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Caveat venditor — Caveat emptor — Sic Semper Tyrannus — seven words in Latin that cover the whole story.

Photograph of John Wilkes Booth from the Library of Congress archive.

With the exception of crimes of passion most murders revolve around money – no matter how noble the reasons to rid the planet of this, that, or the other villain there is always somebody who stands to profit by it. This account gives plausible reasons for the murder of Lincoln and weaves several of the disparate groups into a united front to achieve that goal. Part of the problem is that it would have been more difficult to find people who did not want to murder the man than those who did. Our modern vision of him as a whited sepulchre in no way conforms to the contemporary vision of him in either the north or the South. There seems to be a necessary simplicity of motive in complex events required by American naiveté and this seems to be coupled with the national parlor game of  “conspiracy theory.” Lincoln’s death is no different, this is as plausible and explanation as any and if you would seek others we can recommend the following starting point.

Dark union : the secret web of the profiteers, politicians, and Booth conspirators that led to Lincoln’s death    New York : Wiley, 2003   Leonard F. Guttridge, Ray A. Neff Conspiracies United States History 19th century, Lincoln, Abraham, 1809-1865 Assassination Hardcover. 1st. ed. and printing. v, 282 p. : ill. ; 25 cm. Clean, tight and strong binding with clean dust jacket. No highlighting, underlining or marginalia in text.  VG/VG   

April 14, 1865. The President of the Untied States. Abraham Lincoln, is seated in the staff box at Ford’s Theatre enjoying a performance of Our American Cousin when he is shot in the back of the head by John Wilkes Booth. Lincoln dies hours later in a house across the street. Booth manages to escape but is shot to death twelve days later by a cavalry sergeant. By conventional account, the story of Lincoln’s assassination is fairly cut and dry. But the truth is far more complex and mysterious than has ever been revealed.

Dark Union reveals for the first time how the plot to assassinate Abraham Lincoln was woven through an even more complex scheme to pay for and profit from the Union war effort by trading in Confederate cotton — a scheme approved by Lincoln himself.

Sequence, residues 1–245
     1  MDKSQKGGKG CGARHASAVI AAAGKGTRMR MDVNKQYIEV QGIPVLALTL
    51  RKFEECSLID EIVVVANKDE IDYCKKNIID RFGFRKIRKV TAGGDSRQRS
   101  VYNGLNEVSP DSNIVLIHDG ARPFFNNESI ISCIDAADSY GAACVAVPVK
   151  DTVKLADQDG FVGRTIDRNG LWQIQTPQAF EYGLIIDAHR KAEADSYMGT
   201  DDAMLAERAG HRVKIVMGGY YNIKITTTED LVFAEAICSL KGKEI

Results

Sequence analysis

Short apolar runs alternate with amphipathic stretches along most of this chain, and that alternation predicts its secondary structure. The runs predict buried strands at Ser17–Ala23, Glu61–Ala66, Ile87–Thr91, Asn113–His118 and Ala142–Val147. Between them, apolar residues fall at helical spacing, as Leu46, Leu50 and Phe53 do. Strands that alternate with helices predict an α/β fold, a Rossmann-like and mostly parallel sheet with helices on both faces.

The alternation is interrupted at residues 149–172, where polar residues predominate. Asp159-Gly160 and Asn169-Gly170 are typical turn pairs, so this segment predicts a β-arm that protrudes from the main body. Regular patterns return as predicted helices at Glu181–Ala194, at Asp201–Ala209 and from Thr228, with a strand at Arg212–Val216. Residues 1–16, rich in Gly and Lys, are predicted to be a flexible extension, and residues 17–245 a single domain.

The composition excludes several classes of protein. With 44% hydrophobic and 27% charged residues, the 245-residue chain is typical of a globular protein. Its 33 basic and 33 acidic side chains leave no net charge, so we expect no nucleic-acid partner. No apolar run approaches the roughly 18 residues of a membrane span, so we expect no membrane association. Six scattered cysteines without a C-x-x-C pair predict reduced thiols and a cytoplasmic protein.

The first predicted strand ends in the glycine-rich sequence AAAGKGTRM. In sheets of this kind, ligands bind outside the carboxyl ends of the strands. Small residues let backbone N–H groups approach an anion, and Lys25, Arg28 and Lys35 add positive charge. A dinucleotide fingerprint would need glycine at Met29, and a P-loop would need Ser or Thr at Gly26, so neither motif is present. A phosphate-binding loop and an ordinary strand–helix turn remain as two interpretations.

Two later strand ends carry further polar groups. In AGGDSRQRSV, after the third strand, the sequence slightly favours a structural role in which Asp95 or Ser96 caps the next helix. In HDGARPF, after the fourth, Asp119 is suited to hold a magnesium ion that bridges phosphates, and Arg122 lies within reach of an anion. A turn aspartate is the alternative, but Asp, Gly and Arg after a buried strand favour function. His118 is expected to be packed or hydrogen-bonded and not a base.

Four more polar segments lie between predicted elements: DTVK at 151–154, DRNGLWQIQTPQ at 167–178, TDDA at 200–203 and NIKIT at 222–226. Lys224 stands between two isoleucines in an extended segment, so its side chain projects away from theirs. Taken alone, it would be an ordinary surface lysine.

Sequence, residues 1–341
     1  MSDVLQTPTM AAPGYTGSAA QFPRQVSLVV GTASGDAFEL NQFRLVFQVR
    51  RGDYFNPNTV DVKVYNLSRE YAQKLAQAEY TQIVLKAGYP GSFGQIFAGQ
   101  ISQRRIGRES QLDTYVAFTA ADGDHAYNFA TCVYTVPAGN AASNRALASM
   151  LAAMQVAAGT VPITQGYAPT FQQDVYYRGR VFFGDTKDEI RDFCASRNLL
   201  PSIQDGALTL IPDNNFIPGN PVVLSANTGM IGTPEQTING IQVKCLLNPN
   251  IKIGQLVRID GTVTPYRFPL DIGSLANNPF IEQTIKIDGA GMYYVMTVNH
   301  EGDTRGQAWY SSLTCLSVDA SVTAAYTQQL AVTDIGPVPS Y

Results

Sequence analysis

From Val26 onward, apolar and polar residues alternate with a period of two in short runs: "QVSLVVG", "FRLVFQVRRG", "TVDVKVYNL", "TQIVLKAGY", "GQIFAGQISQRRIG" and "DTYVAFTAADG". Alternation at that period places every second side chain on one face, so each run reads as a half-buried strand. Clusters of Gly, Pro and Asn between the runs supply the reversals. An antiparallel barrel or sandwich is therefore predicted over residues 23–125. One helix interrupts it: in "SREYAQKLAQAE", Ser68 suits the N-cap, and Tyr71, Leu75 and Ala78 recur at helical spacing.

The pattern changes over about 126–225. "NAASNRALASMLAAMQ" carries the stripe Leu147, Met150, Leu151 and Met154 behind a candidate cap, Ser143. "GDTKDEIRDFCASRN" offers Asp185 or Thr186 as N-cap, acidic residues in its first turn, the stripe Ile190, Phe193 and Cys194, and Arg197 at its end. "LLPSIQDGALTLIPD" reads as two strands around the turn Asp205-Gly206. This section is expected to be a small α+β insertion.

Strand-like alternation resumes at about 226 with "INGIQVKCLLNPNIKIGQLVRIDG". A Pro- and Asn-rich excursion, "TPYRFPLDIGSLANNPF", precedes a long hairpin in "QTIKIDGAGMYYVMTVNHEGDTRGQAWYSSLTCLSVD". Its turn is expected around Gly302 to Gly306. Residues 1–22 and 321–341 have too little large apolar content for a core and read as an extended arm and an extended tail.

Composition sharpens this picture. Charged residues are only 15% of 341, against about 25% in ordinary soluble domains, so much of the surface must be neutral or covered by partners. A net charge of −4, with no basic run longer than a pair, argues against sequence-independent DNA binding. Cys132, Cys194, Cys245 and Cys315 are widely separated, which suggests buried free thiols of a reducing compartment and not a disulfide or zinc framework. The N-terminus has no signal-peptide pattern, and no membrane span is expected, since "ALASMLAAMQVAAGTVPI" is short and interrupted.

Based largely on previously unseen, long-lost archival material at Indiana State University’s Cunningham Memorial Library  Dark Union reveals how in order to head off national bankruptcy and finance the Union war effort, Lincoln sanctioned clandestine trade deals between northern investors and owners of Southern cotton. But in early 1865. Lincoln began to vacillate in regards to trading with the enemy, which — along the imminent end of the hostilities — threatened the huge profits at stake.

Simultaneously, the extremists of Lincoln’s party were enraged bv his forgiving attitude towards the South — and they plotted to remove him from office. These ele­ments merged into an unholy alliance, with holdouts from the crumbling Confederacy scheming to kidnap Lincoln… and an unstable actor named John Wilkes Booth with connec­tions on every side taking matters into his own hands.

The remarkable source material ranges from a rogues’ gallery of unpublished photos to deci­phered intelligence locked within a nineteenth century military tome to the tape-recorded memories of a centenarian whose enterprising father—unmentioned by any history book— played a pivotal role. It also provides additional evidence that John Wilkes Booth was, as some have asserted, not killed soon after the assassina­tion; rather, he escaped and fled to India.

One of the more unusual accounts of Lincoln’s assassination, Dark Union takes a new, fascinating look at a real-life conspiracy as devious and ingenious as the machinations of money allow. Since it begins with the first question – Cui bono? [for whom (it is) of advantage?] – and proceeds to answer it in a plausible manner there may be more truth than poetry here.

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